As chronicled by the Akron Beacon Journal, the recent suspension of linebacker Odell Thurman for four games for violating the NFL's substance-abuse is just the latest blow in the last two months. Four others have been arrested during that span, including second-year receiver Chris Henry, who has been arrested four (that's not a misprint) times since last December. Henry's recent arrest was for providing alcohol to minors. He is scheduled for trial during the middle of training camp on a charge of carrying a concealed weapon. Linebacker A.J. Nicholson was charged with burglarizing the apartment of a former Florida State teammate and another draft pick, the wonderfully named Frostee Rucker was recently charged in Los Angeles with two counts of spousal battery and vandalism. I know the O.J. Simpson thing was 10 years ago and Rucker was just a kid then, but he had to know the spousal battery in Los Angeles is a pretty touchy subject.

This is the kind of thing that ultimately makes the Bengals the Bengals. They finally enjoy some modest, if not overwhelming, success and they turn into the '84 Mets, or, more accurately, the Huggins-coached Bearcats. Well, relying on criminals to accomplish your goals never did work for the Bearcats and it isn't going to work for the Bengals, either. It's at crunch time, when all you may have left to rely on is your inner strength, where championships ultimately are won. Everyone in Cleveland new, for example, that Jose Mesa was, shall we say, of questionable character and integrity. When the Tribe needed him most to close out the final game of the World Series and bring this town it's first pennant since 1948, Mesa failed. Only a fool would ignore the connection. But then again, no one ever accused Bengals owner and president Mike Brown as a Mensa member.

Great Trade, Who'd We Get? Part II

I didn't want it to go unmentioned that Eric Wedge's favorite whipping boy, Ben Broussard, was traded. Although hitting decently in a spot role, his defensive lapses were absolutely hurting the team. To the casual observer it was clear that Broussard had fallen out of favor with Wedge, assuming he was ever in favor. Perhaps both Wedge and Shapiro felt that Broussard's budding music career was getting in the way of his day job, but whatever it was it was just as clear that Broussard wasn't considered a "core" player.

When you put it in that context, does it really matter who they got in the trade. If a player like Broussard isn't a core player to a rebuilding team how much trade value could he really have? I happened to overhear Assistant GM Chris Antonetti yesterday talking about Shin-Soo (Ah) Choo as if this recent acquisition was the final piece to the puzzle. Let me put it this way: if a struggling team like Seattle would rather have Broussard than Choo you know it this trade was the equivalent of a schoolyard lunchtime swap of a tuna salad on wheat for egg salad on rye.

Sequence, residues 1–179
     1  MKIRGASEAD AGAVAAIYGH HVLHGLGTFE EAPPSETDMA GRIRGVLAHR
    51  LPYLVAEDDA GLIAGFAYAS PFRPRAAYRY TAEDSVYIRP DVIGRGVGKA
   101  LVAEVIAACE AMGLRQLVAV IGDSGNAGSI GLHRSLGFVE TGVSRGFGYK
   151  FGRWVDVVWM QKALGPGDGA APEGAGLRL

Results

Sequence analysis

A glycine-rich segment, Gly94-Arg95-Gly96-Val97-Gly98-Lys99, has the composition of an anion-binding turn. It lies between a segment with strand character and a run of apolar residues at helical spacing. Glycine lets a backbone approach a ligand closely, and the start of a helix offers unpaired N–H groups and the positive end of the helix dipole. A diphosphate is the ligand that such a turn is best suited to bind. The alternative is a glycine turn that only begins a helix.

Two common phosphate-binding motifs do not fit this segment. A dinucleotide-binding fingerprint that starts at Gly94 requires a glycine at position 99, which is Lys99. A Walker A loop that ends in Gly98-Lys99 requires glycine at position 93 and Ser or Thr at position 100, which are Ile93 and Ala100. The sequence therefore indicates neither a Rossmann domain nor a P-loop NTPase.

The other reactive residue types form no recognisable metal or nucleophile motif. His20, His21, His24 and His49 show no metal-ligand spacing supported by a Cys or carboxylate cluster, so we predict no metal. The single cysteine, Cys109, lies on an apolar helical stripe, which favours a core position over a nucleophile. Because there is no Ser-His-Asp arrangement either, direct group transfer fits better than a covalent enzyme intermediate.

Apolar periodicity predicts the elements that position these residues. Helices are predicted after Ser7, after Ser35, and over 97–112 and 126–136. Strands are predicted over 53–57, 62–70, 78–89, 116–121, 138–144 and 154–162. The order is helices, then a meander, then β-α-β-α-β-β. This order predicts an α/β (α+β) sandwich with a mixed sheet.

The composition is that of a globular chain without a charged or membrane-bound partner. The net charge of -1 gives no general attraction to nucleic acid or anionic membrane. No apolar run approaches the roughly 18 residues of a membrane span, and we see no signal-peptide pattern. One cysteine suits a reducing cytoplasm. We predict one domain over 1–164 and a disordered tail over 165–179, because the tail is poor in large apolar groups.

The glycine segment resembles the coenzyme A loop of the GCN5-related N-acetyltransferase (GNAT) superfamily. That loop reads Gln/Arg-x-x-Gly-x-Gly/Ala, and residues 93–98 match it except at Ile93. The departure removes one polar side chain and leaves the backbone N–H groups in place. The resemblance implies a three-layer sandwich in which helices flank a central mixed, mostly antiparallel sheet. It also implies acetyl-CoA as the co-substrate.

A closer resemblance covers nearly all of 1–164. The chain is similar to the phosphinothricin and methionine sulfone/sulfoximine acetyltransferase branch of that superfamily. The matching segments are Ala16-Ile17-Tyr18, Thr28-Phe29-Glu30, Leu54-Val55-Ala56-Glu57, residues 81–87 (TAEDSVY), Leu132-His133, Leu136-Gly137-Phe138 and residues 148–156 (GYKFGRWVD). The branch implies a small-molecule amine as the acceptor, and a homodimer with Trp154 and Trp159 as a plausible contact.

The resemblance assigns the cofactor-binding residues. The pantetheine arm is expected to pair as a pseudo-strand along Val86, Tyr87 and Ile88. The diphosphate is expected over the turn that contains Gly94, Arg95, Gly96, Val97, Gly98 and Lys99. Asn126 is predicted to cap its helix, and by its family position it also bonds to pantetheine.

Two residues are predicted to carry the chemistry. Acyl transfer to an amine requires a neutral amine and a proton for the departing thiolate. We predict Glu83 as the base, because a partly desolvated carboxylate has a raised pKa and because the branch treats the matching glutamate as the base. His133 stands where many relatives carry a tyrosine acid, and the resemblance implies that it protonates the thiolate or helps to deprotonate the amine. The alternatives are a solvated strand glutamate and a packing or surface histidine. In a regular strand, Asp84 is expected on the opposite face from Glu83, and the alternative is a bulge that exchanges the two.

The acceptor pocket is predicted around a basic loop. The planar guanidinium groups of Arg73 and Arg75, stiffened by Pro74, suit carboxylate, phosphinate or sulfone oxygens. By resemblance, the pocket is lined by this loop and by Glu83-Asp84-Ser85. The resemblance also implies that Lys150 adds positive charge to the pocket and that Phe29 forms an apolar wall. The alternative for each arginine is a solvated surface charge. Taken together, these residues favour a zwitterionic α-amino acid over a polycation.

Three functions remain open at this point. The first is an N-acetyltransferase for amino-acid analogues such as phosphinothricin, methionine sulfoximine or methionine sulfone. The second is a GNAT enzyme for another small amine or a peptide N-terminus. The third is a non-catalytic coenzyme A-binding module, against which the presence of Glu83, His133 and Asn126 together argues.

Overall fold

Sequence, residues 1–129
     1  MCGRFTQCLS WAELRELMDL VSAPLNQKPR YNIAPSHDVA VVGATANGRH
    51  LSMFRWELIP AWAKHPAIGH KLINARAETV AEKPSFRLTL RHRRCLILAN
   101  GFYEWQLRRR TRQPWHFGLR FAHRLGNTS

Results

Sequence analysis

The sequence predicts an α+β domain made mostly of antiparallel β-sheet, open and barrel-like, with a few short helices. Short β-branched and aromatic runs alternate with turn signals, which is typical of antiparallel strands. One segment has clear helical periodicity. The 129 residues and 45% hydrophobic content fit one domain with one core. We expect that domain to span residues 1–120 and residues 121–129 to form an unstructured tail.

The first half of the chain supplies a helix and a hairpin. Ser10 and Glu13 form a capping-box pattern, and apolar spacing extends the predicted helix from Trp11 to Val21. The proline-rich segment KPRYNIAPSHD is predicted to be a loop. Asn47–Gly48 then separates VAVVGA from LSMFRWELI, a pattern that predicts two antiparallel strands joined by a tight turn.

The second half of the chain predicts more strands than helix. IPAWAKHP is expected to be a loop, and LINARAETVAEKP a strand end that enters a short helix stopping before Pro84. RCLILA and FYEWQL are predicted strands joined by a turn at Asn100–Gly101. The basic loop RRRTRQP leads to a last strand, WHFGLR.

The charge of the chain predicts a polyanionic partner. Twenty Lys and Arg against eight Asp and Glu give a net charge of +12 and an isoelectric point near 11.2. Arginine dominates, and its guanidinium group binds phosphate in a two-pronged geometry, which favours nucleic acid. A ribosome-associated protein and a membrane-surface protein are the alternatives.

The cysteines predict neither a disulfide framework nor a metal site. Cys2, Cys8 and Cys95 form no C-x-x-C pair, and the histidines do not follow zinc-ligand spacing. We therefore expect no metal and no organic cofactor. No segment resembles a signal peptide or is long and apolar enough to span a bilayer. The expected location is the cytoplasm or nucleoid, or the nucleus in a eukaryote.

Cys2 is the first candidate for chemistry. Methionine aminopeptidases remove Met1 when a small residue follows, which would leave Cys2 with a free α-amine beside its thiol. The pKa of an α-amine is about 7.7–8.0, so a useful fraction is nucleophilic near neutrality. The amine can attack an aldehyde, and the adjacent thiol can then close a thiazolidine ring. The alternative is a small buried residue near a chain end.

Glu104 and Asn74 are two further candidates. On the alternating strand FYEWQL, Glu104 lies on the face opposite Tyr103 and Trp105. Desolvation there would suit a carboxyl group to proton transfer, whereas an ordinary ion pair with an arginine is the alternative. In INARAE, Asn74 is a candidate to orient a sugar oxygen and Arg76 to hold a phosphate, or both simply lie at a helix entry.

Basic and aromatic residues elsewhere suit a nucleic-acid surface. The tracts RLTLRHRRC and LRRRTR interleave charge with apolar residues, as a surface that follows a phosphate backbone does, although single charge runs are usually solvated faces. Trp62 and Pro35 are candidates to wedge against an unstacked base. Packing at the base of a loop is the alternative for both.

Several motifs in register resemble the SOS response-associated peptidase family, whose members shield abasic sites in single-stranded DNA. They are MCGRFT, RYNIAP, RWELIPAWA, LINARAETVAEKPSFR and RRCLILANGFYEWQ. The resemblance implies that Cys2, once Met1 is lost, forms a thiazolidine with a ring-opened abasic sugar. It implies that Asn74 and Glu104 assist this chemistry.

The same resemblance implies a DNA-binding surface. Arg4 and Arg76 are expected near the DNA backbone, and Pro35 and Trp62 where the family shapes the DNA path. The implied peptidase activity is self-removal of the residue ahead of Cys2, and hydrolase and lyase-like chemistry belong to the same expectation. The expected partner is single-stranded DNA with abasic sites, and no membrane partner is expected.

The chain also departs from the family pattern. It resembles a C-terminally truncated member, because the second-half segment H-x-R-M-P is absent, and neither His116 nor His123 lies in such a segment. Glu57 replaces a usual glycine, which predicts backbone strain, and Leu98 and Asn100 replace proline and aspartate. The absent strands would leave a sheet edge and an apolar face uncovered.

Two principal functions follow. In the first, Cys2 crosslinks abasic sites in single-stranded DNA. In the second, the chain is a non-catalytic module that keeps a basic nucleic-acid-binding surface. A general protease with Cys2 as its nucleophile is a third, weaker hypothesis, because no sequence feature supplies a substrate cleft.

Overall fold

The real issue boils down, as it did with the Wickman trade, on whether or not the Dolans will give Shapiro the budget he needs to pull this team out of the abyss. If past is prologue, and I believe it is, we'll be sellers this time next year.

You Can't Miss What You Never Had

The season-ending knee injury to Browns free agent center LeCharles Bentley has all the usual suspects in Cleveland media putting in their usual minimal effort dissecting the impact. Generally, it falls into either of two categories, or both: this is a devastating blow to the Browns chances and/or the Browns, once again are jinxed, to wit: Kellen Winslow, Jr., Braylon Edwards, Gary Baxter, etc. And nauseum.

The injury to Bentley is a serious matter, to be sure. And it appears as though his status for next season is also somewhat in doubt. But the truth of the matter is that it's hard to miss what we never had. Bentley played exactly zero games for the Browns. Unlike both Winslow and Edwards, who actually played some games, we can only speculate what he might have done under game conditions and whether or not his considerable talents would help turn this moribund franchise around. We are only left to wonder, at this point, how it might effect the development of Charlie Frye. Unless and until Bentley actually suits up and plays will we ever be able to fully appreciate what impact, if any, this injury has had on the Browns.

Not to be pollyannish about the whole thing, but if your team is going to have this type of injury, it's best that it happen on the first day of practice then after the offense has been completely installed and the regular season has begun. Signing a stop-gap free agent during the season and asking him to account for the loss of a starter while you're preparing for your next game is, at best, difficult. At least in this instance the Browns have an entire training camp to adjust.